• I’ve heard that they aren’t strong enough but haven’t really investigated it.
  • i have met a couple people here in colorado who absolutely swear by there LED lights.

    some are even growing as many as 100 plants under just LED’s. i have smoked the finishsed product from under LED’s and didnt really notice a difference. that being said, i still dont know if i am going to choose a LED over a HPS.

    anyways i really wanted to comment to kym, have you ever though about making hemp oil? i saw your comment earlier that you wanted to know more about the consumption of leaves, because you knew someone that could possibly benefit.

    im sure you have heard of rick simpson and his hemp oil. i have yet to make it(plan to after my first harvest) but from what i understand there are no psychoactive effects, and it has been said to cure cancer! (im sure you know) :)
  • T - Thanks for the info about the LEDs in Colorado. I really hope that the LEDs do work and that they catch on. I am pretty sure that would be much better for the environment. I think the cost is what keeps most people from using them — the initial cost.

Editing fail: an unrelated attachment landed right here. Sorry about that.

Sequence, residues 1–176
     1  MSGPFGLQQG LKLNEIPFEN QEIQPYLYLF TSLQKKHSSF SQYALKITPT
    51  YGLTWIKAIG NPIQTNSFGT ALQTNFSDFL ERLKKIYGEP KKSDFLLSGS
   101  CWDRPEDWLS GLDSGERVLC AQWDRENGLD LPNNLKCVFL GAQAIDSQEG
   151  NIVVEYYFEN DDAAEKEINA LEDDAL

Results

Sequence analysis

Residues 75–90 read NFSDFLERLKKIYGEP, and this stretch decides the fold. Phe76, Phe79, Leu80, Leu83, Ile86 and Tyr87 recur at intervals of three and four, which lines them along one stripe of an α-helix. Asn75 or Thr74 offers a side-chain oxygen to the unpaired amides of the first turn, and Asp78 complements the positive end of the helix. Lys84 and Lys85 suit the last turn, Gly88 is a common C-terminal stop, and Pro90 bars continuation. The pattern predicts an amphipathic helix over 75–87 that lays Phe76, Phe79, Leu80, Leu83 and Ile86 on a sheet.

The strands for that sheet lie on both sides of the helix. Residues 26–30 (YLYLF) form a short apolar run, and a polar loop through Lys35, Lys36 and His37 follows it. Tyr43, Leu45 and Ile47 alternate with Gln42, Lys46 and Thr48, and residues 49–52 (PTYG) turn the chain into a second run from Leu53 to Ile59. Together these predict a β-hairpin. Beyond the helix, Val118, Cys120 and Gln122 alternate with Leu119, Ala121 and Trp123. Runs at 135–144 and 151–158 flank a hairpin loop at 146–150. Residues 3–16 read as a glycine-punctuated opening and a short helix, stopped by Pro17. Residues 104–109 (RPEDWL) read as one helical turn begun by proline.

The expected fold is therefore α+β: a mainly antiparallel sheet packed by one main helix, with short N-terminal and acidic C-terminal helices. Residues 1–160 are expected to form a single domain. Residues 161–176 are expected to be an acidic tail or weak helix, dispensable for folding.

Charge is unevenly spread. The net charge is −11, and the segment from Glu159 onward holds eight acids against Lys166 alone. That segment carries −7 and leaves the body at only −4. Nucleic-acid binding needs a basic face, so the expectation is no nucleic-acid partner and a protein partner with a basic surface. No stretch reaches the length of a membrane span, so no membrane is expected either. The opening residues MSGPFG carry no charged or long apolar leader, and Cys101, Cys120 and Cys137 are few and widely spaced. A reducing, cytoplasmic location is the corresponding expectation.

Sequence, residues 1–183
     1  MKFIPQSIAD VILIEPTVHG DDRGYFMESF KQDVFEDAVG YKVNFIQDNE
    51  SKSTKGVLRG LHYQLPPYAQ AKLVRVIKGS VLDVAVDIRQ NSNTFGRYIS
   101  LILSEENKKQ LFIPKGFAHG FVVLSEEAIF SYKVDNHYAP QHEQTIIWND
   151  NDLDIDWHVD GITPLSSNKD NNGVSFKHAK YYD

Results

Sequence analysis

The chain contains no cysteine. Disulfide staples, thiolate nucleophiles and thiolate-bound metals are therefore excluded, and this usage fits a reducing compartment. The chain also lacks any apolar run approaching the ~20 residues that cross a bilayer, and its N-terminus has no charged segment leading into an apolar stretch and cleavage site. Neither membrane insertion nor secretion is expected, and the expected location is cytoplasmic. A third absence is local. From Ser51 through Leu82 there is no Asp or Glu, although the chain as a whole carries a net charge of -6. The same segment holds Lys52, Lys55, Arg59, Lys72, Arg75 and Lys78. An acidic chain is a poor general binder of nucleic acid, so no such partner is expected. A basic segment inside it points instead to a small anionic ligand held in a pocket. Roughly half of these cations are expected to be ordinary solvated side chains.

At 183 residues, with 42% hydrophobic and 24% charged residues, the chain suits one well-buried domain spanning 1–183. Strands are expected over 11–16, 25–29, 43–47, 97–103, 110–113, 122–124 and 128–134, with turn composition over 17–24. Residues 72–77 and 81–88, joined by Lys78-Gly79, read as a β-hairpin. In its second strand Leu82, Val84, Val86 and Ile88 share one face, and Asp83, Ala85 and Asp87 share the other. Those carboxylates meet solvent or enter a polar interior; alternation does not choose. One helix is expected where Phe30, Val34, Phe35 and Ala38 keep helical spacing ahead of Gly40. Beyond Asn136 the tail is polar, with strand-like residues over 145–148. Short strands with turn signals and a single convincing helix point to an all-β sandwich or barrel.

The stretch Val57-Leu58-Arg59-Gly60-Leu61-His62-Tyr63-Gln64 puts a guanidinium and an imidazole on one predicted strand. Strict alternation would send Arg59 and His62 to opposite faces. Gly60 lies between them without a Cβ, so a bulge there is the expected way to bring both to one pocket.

It seems important to try to help clear things up about hemp oil, simpson oil, etc. A) There is a food grade hemp oil made from seeds that is very nutritious and is sold in lots of natural food stores. No problem with psychoactivity there. B) Rick Simpson has made and has a video about making “hemp oil” which is what he calls the strong concentrate that he makes. It is made the same way as the stuff others call “hash oil”. The name hemp oil is misleading, in my opinion, because it is not the same as hemp seed oil, which is called hemp oil, and it is not even an oil. It is an extremely concentrated distillate of cannabis which is mostly THC — no oil whatsoever. Watching the video, and knowing that you come out with VERY HIGH concentrations of THC, I would caution that it is probably also extremely psychoactive, though he states it just makes you sleepy (understatement, methinks).